By default, every Windows install I've worked with has a paging file.
On a server that is dedicated to running SQL Anywhere database, I'm thinking we really don't need this file. The last thing we want is for Windows to think it knows more than the SQL Anywere engine in determining what should be temporarily written out to disk.
Has anyone tested this?
asked 14 May '10, 14:21
I wouldn't worry about the paging file. Running without one could lead to instability if you end up doing something that needs more memory than is available in your system. Perhaps, for example, you decide to run a web browser on that machine or a diagnostic tool such as ProcMon.
Windows isn't all that bad about using the swap space wisely. In fact, SQLAnywhere actually makes its dynamic cache sizing decisions based on what the Windows memory manager is doing. Whenever we evaluate whether to change the cache size, we consider that the amount of memory available to us in the system is "OS_free_memory + database_server_process_working_set_size". In other words, it is "memory that nobody is using + memory that the OS in all its wisdom and knowledge of everything that is going on in the entire system feels that the database server needs/deserves right now". It's actually a very simple yet powerful way for the database server to adapt to what is going on in the system as a whole.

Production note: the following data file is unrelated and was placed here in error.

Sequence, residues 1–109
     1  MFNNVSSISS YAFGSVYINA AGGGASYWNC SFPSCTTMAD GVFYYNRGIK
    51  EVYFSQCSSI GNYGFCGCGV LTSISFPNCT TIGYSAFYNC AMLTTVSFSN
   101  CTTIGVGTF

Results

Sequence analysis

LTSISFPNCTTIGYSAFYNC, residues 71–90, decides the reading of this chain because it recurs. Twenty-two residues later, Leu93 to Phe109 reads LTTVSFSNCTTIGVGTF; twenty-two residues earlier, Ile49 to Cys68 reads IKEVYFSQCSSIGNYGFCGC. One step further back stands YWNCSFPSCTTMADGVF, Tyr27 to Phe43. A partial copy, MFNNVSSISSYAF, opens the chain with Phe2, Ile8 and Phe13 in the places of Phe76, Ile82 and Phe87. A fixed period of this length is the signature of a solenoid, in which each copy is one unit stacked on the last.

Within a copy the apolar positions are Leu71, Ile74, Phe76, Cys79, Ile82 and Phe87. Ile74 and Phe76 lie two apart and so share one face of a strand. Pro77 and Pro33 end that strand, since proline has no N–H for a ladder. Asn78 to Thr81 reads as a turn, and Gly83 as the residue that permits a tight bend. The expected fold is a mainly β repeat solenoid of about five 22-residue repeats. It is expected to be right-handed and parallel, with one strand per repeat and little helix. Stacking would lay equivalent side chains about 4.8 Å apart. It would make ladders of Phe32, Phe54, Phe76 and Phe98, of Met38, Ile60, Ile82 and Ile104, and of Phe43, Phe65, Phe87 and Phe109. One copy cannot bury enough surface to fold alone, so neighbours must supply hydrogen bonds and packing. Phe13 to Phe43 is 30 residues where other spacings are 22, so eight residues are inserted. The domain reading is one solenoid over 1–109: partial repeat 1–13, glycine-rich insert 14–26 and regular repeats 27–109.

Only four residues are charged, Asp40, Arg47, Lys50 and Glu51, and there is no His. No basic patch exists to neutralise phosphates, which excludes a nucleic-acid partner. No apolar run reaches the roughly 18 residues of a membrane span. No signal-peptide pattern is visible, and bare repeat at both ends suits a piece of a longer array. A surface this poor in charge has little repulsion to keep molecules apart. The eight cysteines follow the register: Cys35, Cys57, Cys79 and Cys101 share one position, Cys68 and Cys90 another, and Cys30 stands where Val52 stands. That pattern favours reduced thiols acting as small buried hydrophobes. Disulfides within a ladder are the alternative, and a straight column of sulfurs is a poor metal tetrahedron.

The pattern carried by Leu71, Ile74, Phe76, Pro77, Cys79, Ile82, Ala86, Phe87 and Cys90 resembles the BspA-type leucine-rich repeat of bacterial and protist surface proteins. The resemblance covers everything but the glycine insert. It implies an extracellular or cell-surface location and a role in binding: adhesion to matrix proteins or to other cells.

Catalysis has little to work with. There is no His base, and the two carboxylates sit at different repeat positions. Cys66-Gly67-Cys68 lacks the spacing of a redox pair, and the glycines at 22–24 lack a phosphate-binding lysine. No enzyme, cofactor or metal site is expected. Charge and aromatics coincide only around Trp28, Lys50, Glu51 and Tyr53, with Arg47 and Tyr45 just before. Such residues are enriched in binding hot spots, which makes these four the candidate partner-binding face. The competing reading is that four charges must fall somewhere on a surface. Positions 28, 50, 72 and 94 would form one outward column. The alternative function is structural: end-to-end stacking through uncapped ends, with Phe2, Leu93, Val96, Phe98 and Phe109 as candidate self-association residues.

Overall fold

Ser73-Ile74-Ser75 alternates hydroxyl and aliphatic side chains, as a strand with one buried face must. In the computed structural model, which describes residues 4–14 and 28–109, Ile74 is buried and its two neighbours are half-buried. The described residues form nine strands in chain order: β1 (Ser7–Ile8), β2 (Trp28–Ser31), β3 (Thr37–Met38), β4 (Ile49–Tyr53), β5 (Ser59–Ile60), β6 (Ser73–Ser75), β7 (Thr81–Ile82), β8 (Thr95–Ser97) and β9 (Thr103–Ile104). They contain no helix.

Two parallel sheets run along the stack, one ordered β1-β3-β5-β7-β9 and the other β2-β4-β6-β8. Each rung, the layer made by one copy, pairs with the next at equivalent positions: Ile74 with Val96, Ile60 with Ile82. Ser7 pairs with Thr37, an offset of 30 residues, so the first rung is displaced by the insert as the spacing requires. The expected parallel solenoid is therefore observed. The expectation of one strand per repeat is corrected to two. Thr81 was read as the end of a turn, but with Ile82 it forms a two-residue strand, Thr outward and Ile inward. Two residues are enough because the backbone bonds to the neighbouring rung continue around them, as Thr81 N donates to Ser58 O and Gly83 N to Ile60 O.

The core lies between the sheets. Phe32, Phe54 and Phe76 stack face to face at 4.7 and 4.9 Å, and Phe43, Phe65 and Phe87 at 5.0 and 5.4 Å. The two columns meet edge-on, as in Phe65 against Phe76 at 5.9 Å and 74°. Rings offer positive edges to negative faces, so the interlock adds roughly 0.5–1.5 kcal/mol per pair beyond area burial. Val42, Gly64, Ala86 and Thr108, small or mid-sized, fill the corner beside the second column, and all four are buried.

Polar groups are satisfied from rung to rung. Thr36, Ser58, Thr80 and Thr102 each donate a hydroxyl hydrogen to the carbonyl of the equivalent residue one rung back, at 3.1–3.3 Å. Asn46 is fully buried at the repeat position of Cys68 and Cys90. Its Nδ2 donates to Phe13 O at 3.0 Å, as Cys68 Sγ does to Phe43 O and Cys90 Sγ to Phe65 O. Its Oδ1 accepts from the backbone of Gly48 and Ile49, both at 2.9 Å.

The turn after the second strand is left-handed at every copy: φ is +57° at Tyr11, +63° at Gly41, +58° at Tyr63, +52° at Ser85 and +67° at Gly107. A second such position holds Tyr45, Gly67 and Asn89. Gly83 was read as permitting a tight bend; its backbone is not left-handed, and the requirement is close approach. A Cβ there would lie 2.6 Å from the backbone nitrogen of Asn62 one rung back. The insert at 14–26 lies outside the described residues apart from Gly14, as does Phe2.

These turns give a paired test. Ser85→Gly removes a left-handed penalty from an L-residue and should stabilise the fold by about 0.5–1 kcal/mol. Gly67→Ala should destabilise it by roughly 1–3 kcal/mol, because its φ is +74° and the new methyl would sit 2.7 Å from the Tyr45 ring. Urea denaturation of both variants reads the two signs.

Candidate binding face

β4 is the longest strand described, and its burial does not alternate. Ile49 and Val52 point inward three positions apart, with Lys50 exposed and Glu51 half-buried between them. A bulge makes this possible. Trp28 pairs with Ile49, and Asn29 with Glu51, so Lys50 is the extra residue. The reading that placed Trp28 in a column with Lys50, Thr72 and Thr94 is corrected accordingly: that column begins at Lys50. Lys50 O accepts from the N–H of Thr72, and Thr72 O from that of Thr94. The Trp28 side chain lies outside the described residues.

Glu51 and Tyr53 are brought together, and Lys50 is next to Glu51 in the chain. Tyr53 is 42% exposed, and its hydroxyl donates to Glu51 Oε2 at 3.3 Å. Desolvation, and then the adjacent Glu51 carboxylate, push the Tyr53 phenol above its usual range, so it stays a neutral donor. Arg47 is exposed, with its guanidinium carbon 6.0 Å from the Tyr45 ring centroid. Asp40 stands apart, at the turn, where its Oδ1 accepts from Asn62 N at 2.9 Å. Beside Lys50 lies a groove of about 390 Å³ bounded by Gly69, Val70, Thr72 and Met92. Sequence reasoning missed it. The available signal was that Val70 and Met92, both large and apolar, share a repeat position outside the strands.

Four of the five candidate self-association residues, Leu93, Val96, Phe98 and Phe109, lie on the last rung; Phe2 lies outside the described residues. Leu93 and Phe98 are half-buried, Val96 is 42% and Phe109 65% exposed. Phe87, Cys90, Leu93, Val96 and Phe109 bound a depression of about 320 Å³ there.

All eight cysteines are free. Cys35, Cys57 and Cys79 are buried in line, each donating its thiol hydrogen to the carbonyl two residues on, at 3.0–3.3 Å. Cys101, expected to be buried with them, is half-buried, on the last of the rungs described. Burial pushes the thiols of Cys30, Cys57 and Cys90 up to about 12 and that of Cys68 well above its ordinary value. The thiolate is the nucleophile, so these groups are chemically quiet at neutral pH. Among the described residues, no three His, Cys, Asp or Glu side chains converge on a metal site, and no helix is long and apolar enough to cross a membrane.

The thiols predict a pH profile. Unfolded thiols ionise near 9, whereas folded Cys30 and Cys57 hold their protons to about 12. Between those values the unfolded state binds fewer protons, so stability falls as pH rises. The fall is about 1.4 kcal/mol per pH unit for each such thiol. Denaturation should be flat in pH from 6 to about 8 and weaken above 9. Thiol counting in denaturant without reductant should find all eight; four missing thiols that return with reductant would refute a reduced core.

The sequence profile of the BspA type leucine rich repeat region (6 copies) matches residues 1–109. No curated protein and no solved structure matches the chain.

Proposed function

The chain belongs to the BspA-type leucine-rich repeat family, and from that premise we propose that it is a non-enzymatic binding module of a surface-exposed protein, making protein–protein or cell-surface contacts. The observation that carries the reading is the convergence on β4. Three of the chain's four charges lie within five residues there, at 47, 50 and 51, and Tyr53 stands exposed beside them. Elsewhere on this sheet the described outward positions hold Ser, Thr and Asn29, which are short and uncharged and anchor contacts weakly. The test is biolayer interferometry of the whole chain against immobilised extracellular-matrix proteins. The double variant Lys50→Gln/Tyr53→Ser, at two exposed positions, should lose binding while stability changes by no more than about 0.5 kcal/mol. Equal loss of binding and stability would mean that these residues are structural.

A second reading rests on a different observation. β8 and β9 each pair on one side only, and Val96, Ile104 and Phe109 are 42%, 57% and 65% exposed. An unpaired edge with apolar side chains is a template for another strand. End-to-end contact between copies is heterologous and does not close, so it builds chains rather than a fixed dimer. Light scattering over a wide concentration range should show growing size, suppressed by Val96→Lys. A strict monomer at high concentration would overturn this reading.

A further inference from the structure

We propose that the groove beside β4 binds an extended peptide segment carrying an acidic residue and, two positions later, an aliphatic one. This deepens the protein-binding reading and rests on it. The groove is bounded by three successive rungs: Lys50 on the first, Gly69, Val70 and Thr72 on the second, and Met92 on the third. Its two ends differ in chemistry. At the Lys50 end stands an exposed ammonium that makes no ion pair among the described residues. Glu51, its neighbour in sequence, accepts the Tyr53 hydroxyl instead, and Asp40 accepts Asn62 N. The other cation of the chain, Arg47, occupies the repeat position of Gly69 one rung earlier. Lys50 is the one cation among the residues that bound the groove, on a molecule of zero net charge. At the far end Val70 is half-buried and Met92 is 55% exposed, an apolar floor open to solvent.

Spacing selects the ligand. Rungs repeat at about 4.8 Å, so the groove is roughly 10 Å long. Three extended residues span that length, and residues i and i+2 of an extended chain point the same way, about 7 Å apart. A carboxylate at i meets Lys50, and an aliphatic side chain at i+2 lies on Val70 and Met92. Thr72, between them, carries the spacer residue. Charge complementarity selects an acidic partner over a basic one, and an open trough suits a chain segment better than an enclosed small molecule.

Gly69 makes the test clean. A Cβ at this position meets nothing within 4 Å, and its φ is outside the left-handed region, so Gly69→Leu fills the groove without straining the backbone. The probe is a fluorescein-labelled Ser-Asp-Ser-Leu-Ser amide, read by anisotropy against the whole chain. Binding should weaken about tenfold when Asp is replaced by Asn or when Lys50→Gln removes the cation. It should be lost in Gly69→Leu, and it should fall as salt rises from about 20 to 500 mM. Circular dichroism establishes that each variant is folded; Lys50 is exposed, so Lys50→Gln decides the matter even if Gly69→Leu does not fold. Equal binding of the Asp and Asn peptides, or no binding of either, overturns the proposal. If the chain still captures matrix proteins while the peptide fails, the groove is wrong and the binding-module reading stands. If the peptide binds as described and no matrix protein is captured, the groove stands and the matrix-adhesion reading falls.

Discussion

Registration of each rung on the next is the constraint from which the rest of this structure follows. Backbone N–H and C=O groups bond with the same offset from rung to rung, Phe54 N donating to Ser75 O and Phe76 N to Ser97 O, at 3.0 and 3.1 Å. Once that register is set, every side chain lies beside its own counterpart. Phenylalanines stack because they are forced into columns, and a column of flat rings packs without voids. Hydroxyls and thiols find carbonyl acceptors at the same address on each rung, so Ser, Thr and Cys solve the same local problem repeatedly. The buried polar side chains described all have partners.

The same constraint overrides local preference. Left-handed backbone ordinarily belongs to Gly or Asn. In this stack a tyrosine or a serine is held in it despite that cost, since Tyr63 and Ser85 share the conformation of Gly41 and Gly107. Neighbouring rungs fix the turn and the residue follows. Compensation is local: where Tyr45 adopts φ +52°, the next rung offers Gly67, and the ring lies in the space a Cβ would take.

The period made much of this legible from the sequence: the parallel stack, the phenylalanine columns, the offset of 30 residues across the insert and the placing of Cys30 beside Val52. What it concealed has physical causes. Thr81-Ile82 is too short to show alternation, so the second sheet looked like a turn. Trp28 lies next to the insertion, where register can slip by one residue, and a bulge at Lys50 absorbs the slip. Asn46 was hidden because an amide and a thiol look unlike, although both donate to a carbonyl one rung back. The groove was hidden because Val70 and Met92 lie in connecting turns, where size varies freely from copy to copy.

Windows won't swap things to disk just because it can. It will do so because something else in the system needs memory and then, well, it's probably a good thing to swap. If you watch the working set (using perfmon, NOT task manager), you might notice that Windows will trim the server's working set size periodically. It will do so aggressively whenever you minimize the server's window for example. This behaviour is not problematic because those pages show up as "free" (ie the sum of "avail+working_set" stays the same) but, more importantly, they are not truly freed. The OS leaves the contents in memory but essentially protects the pages (marking them in the page tables as "not present") so that the process will get what is called a "soft fault" when it attempts to access them. Soft faults are inexpensive and essentially amount to a mechanism by which the OS can detect that you are still using that memory. If a sudden demand for memory arises in the system, the OS will first choose pages that are completely unused and then choose pages that have not been referenced "recently" (ie since they were trimmed from a working set).
answered 27 May '10, 19:12